We finally have a woman in an undeniably high position of power, and we can see the immediate effect as Rumsfeld goes running, and Bush starts re-arranging the deck chairs.
Definite cause for celebration, but just long enough to clap, breathe a deep sigh of relief, then jump right back in because the battle's just beginning. The accountability that everyone's been talking about goes both ways. Now that they're elected, they have to do the right thing, and it's up to us to keep their feet on the ground, their heads out of the clouds, and K-street dollars out of their pockets. Power corrupts indiscriminately, as history and futury (I'm applying for a verbal patent on that one) have shown and will continue to show us.
Some conservative pundit last night criticized Newt Gingrich's proclamation of a "Republican Revolution" in his victory night speech in '94 as too strong a word for Americans distaste for disorderly events, revolution being one such type of event that evoked disorder in the minds of pristine replublicans who prefer their politics to be droll, unsurprising, pre-arranged, fixed, and rigged (same way they like their sex). So, let's not call this a democratic revolution, let's just call it a demolution.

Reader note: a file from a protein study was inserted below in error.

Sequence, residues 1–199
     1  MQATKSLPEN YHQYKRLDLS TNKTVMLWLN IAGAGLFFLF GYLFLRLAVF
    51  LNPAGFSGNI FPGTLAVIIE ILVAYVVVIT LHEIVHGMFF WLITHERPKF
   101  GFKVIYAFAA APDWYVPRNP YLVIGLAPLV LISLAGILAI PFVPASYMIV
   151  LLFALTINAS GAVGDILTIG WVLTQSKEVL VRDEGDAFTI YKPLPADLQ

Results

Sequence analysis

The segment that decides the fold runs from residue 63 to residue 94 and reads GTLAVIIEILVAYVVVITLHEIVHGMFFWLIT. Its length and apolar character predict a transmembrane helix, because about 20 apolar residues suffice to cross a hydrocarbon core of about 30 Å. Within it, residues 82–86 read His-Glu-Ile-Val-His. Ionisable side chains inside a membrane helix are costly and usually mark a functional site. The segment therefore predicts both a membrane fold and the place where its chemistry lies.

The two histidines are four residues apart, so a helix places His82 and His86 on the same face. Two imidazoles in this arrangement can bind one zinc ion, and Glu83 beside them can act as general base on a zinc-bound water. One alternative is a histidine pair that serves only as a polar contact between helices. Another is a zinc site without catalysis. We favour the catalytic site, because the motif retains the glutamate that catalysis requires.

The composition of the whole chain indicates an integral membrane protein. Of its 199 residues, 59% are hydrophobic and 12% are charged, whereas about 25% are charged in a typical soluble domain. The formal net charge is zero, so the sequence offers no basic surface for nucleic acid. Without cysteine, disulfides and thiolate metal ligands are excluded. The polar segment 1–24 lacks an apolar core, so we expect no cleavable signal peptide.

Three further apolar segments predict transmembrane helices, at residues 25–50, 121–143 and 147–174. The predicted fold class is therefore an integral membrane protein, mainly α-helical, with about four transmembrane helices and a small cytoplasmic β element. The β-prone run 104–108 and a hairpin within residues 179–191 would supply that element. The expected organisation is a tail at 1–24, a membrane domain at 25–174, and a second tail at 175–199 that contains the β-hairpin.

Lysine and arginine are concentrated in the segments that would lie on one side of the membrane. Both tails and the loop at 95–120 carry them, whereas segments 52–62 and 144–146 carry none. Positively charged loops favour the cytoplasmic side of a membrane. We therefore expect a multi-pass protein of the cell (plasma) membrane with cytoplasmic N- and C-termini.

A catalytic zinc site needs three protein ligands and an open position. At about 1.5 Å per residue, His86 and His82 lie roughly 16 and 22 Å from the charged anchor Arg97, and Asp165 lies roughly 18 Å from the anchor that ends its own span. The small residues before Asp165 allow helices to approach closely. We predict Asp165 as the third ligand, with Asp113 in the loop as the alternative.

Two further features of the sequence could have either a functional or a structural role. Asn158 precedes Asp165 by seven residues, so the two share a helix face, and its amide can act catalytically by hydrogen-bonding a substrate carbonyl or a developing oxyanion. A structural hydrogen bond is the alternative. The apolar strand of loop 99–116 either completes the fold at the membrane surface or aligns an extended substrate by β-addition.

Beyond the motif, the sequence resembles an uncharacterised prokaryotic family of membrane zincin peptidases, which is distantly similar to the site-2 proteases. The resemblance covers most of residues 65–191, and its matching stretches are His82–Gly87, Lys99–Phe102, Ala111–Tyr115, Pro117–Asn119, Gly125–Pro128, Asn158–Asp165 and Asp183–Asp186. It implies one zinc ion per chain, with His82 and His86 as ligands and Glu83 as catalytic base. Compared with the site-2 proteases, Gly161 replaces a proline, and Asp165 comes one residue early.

Here's what's really buggin the hell outta me right now: I happened to be browsing about 1:30am on Saturday when I noticed a brand new story pop up on Yahoo news about the 1999 Iraq war games, and how they showed with great credibility that any attempt to take Saddam from power militarily would require at least 400,000 troops and would still most likely bring about chaos and disorder. The report was declassified in 2004 by the pentagon, and was grabbed via a Freedom of Information Act (FOIA) request Geroge Washington University's National Security Archive.
Hmmm, did anyone in the government have access to this info?
The real problem is that we may not ever know the answer to that question, because the sentence, placing the noose around Saddam's neck fell at the same time. Everyone thought that was timed to defer attention away from the demolution, and defray the damage done to the administration by the war, but this October Surprise was much more devious and remains mostly in the shadows.
Bush finally admits that he lies: As Bush finally gives Rumsfeld the Push, he admits to misleading reporters last week (and for months before that) during the runup to the elections by consistently defending Rumsfeld and stating that he would stay in his position while Bush stayed the course.